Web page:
SACAP protects its public mandate & has handled 421 complaints of misconduct in the last 2 years.
The recent verdict of a Cullinan Magistrates court, convicting and fining a man R5 000 for contravening a section of the Architectural Profession Act of 2000, sends a message to both the profession and the public that the South African Council for the Architectural Profession (SACAP) is flexing its muscle to fulfil its public protection mandate.
The case against the gentleman arose from complaints received by SACAP, which its Legal and Compliance Unit handed over to the South African Police Service. The core of the complaints against him were that he had undertaken to draw building plans for two members of the public, but failed to perform as per the appointment.
During preliminary investigation, SACAP found that his professional registration was cancelled in terms of Section 20 (1) (a) (iii) of Act 44 of 2000, due to his failure to pay the prescribed annual fee. He was therefore prohibited from drawing plans for members of the public in terms of section 18(2) of the Act, due to the fact that he was not registered in any of the categories of registration contemplated in section 18 (1).
“We intend to work closely with Prosecutors to ensure more convictions in this regard,” Says Marella O’Reilly, SACAP’s Registrar/CEO. “In the past two years, SACAP has handled 421 complaints of improper conduct against Registered Persons. Furthermore, since April 2014 SACAP has reported 78 cases to the South African Polices Services of persons passing themselves off as Registered Persons. Since 12 May 2014, over 130 Registered Professionals were charged with improper conduct and SACAP convened Disciplinary Tribunals to adjudicate all charges of improper conduct.”
Council is directed to take any steps it considers necessary for the protection of the public in their dealings with registered persons for the maintenance of the integrity and the enhancement of the status of the architectural profession.
Members of the public who need architectural services can verify whether such persons are registered with SACAP and in good standing; as well as report cases of improper conduct to their Legal and Compliance Unit.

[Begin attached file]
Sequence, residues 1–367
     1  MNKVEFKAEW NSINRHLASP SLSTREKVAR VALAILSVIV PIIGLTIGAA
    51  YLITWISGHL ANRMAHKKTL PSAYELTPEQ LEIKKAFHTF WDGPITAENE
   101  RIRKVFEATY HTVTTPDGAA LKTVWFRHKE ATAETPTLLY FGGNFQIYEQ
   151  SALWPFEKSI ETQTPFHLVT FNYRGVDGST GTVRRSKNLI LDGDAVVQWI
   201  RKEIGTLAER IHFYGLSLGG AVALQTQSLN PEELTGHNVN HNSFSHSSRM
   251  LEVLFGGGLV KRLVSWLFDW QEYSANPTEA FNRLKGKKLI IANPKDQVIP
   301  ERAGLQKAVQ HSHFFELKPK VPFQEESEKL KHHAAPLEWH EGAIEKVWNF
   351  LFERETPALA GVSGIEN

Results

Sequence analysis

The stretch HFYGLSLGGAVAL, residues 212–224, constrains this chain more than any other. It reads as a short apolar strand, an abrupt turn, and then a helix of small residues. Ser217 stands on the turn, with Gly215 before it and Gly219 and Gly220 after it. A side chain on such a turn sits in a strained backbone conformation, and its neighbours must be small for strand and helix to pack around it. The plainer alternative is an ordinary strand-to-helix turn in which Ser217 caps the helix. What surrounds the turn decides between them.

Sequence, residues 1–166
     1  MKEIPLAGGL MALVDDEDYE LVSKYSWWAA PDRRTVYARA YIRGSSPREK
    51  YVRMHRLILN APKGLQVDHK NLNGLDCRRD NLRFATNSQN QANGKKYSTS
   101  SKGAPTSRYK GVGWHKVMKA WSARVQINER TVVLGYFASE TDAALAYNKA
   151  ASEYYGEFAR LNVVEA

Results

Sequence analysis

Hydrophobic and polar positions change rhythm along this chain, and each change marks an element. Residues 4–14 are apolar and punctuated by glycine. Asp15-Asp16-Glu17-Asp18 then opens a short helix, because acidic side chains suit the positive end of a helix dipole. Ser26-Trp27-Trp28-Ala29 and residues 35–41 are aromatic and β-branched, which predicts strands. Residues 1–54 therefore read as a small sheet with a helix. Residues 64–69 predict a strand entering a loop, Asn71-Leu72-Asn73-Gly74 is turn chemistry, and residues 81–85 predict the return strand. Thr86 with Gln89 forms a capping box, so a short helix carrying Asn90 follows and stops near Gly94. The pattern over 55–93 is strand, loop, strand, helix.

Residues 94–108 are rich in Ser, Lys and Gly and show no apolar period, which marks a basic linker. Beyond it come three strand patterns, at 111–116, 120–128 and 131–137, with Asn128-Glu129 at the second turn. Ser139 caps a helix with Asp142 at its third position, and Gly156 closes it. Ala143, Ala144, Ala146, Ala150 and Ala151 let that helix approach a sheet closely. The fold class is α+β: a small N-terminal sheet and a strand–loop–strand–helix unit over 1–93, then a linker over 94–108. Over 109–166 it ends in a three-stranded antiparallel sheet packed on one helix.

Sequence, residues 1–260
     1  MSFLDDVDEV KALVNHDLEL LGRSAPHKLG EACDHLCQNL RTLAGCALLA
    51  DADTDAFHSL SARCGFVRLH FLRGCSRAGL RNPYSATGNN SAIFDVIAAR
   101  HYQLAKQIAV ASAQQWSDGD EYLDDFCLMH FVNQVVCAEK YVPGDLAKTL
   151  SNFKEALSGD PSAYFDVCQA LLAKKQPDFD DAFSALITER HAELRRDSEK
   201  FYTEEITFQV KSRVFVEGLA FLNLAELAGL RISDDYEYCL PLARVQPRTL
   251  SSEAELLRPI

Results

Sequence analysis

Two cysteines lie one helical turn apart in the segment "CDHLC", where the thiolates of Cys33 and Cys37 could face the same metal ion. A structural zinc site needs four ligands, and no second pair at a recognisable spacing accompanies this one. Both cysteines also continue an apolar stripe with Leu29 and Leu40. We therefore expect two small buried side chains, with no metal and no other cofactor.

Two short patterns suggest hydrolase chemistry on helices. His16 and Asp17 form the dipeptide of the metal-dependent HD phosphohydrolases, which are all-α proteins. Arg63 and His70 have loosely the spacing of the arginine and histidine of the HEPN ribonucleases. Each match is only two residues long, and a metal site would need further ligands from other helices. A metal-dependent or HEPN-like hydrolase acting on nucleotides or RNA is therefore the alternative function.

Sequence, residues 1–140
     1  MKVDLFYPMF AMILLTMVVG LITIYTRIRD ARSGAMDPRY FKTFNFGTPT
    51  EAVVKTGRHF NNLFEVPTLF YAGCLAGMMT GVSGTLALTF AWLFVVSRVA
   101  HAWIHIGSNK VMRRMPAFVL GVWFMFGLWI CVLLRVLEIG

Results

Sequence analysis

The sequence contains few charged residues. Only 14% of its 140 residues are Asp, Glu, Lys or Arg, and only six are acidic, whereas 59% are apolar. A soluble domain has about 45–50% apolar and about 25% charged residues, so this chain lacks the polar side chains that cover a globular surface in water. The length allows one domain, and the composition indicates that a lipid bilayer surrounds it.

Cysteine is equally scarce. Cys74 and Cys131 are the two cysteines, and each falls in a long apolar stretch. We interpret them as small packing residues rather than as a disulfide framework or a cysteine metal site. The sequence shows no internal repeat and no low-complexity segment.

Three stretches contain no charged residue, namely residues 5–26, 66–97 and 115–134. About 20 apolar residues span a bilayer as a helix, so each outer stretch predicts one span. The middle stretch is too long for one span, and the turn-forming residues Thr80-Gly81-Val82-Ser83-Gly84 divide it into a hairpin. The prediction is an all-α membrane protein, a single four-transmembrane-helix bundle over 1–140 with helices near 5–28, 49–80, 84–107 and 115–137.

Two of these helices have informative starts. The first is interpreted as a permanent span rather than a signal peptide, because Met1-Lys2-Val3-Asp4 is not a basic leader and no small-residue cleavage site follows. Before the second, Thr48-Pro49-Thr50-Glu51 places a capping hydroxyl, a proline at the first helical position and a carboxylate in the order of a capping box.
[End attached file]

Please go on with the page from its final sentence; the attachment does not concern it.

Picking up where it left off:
For this purpose SACAP enacted a Code of Professional Conduct requiring Registered Persons to carry out professional work with due skill, competency and integrity. In addition, SACAP promulgated Rules for Disciplinary Proceedings to ensure that they are handled objectively, procedurally and in a transparent manner.
All complaints from the public are duly investigated by the Investigating Committee and if there is sufficient evidence to demonstrate improper conduct on the part of a Registered Person, Council charges the registered person with improper conduct.
Apart from dealing with alleged improper conduct by Registered Persons, SACAP also refers to the South African Police Services, any complaints referred to it by members of the public which relate to persons passing themselves off as Registered Persons. To this end, on 8 October 2014, SACAP entered into an understanding with the South African Police Service Commissioner to ensure that all cases received from the public against persons who are not registered are investigated and perpetrators are brought to book.
Members of the public should take notice that the Architectural Profession Act requires SACAP to publish the findings and sanctions against all Registered Persons found guilty of improper conduct in a Gazette. Therefore, there are gazette notices on the SACAP website showing all Registered Person found guilty of improper conduct and the relevant sanctions.